Well, the much ballyhooed Special Session called by the Governor got off to a rather slow start last week. The Senate and House met on May 14th, as required by law, and handled some internal matters. However, the Senate went home the same day, and will stay out until there is business to deal with. There are two reasons for doing this: first, the Constitution requires that any legislation that involves a tax must first be passed out of the House of Representatives. That means the Senate can do nothing until a bill is formulated, debated, passed out of Committee, and finally passed out of the House. That could take weeks, if not longer. Which leads me to my second point: it only makes fiscal sense that the Senators be at home taking care of normal business. When we're not in Session, we aren't being paid by the State, and the taxpayers save a lot of money.
If and when a bill comes out of the House, we'll head back down to consider the proposal.
So what are the chances of something coming out of the House? Not great. There are an unusual set of circumstances that exist which will hamper the House's ability to come to agreement. First, the Speaker of the House, John Gregg, announced in February that he was retiring. Two other high ranking Democratic House leaders also made a similar announcement. The decision to retire undermined Speaker Gregg's ability to get his caucus to work out an agreement on the budget crisis. There is much uneasiness in the House about voting to pass a tax increase in an election year. The Democrats fear that doing so will jeopardize their ability to retain control of the House. When the Speaker himself doesn't have to worry about keeping his own job because he is retiring, it creates a leadership vacuum at precisely the time when strong leadership is needed most. When the Speaker's lieutenants are doing the same thing, it really causes havoc.
Even stranger, the legislator charged with coming up with a budget bill is Rep. Pat Bauer, the House Ways and Means chairman. Normally, he would be rolling up his sleeves and trying to find a way to create a bill that his caucus could vote for without gagging. However, Rep. Bauer is one of the leading candidates to become Speaker of the House. This puts him in a tremendously difficult position: he doesn't want to make his fellow Democrats mad at him because he came up with a bill that required them to vote for a tax increase. That could cost him the Speaker's position. On the other hand, he doesn't want to be blamed for failing to get a bill out that would help his party and the Governor, not to mention the State. That makes the Democrats look inept, and divided.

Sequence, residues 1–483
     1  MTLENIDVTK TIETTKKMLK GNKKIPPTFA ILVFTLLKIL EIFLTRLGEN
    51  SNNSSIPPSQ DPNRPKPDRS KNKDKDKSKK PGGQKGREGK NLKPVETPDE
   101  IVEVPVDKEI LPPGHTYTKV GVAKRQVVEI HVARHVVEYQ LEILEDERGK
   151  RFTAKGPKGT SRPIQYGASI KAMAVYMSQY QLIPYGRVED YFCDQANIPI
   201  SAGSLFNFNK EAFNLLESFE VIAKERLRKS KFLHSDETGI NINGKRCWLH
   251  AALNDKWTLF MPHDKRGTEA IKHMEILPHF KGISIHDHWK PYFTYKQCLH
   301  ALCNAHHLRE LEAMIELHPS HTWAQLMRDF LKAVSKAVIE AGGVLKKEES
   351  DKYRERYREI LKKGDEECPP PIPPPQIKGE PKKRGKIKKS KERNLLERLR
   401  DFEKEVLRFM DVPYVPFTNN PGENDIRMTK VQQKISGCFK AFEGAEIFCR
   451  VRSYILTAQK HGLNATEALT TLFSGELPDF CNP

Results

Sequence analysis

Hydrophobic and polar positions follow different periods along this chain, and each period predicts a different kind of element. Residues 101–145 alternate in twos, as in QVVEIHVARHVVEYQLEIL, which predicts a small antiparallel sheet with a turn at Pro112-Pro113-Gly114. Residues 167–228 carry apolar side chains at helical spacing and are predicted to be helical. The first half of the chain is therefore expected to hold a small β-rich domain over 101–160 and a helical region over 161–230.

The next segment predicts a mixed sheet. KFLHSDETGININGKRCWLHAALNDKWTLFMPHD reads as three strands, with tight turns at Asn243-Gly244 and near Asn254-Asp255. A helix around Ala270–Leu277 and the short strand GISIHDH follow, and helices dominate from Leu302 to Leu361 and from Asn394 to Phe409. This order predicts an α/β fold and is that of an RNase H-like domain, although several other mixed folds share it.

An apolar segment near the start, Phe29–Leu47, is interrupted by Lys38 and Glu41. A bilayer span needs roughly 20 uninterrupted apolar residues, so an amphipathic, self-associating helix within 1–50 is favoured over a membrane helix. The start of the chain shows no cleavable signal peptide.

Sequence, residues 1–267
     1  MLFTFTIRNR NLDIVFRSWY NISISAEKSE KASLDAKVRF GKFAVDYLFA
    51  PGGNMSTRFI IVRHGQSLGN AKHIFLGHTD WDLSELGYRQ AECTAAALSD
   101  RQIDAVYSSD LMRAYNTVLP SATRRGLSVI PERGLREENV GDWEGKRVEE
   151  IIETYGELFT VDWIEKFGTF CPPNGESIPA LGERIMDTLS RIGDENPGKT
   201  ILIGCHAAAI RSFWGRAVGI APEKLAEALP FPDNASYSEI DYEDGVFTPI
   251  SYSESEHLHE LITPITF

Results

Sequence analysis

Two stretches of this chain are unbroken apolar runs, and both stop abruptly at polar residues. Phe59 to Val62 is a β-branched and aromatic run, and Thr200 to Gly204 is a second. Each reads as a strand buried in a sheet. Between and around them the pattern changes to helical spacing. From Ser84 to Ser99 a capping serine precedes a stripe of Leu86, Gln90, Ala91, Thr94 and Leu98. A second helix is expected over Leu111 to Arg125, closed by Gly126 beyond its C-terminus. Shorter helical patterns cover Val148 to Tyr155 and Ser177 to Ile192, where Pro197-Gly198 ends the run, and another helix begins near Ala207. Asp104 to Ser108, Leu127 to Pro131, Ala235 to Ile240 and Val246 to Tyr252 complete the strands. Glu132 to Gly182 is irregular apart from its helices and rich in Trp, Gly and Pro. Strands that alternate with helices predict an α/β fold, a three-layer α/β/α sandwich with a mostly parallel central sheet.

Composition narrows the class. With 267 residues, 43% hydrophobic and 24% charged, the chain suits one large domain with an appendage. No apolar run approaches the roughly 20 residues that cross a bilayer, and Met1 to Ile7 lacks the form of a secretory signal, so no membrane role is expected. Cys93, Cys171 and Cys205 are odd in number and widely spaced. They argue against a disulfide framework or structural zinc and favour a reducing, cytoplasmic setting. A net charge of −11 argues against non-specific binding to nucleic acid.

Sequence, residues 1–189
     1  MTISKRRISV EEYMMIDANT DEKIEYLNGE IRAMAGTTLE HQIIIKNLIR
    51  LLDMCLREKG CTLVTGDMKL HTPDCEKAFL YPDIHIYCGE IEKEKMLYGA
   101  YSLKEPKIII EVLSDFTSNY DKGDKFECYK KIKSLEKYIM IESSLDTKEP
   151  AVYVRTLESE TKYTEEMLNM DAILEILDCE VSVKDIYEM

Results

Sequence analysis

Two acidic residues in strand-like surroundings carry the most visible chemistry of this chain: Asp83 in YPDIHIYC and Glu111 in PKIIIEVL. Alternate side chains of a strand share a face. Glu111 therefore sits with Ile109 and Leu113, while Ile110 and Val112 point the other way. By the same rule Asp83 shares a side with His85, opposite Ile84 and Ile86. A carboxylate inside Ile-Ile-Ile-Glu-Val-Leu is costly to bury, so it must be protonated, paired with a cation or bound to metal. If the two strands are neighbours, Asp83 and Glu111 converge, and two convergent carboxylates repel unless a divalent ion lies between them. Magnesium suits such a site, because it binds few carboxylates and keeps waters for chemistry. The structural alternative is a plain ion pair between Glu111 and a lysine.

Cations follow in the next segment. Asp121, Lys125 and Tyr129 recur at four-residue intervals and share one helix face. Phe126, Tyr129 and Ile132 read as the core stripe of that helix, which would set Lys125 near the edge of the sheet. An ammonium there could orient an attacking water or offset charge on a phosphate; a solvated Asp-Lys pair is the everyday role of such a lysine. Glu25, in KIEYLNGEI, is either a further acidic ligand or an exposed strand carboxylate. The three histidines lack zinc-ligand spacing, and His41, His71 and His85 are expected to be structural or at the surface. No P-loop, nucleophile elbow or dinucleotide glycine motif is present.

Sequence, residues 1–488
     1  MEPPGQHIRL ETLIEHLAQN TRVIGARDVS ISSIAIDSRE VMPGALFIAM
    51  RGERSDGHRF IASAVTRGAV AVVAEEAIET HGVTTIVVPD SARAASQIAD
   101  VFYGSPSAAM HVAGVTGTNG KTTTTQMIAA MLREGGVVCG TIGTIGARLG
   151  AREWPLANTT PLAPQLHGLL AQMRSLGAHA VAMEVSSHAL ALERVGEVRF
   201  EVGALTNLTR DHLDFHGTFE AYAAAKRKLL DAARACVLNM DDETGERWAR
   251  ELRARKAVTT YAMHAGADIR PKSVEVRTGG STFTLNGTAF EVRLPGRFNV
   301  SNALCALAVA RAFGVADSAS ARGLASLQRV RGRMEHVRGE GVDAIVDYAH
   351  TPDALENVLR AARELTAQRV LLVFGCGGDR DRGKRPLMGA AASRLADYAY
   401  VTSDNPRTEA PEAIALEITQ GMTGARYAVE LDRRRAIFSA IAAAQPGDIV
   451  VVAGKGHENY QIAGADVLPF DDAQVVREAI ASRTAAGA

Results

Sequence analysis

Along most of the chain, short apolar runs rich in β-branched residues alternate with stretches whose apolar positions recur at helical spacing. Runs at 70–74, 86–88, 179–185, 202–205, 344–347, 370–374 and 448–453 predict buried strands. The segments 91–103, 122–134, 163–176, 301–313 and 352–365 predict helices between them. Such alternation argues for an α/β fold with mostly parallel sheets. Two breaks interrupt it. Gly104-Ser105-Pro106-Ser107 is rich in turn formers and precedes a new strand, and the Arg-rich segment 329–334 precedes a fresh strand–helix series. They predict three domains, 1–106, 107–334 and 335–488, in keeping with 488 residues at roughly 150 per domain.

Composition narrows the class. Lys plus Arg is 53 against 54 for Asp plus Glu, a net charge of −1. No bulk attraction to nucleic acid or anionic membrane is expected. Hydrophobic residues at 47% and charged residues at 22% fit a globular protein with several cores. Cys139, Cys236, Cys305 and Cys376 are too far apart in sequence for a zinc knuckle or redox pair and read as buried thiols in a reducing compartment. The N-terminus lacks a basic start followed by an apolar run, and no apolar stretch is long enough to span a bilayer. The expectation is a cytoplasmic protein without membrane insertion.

The final complication is the fact that Rep. Bauer and the Speaker have said that to pass any bill, they will require some significant Republican support. That is a nice way of saying they won't make their caucus support a bill that raises taxes unless a fair number of Republicans vote for it also, this way, it wouldn't be as much of an election issue.
The Democrats' tenuous hold on the House ( 53-47 ) supports the concerns of the Speaker and Rep. Bauer. However, getting Republicans to support the bill won't be easy, and not only because it might be to their political advantage to refuse to do so. The Republican House members want tax restructuring that will help Indiana's economy move into the 21st century. That means getting away from an over-reliance upon property taxes, and doing away with anti-business taxes that chase away jobs to our neighboring states. These are worthy and important goals that should be included in any bill, because raising revenues simply to continue on down the same road of overspending while the State loses more jobs is a disaster waiting to happen. But finding a way to achieve these goals makes an agreement very difficult to obtain.
This race for Speaker of the House has created a major obstacle to obtaining a budget agreement between the House, Senate and the Governor's office. Given these dynamics, it is fair to say that no one knows if any bill can pass the House, which would mean the Senate would never get the chance to put its stamp on a bailout of Indiana's fiscal mess. But stranger things have happened, so stay tuned, and hang onto your wallet!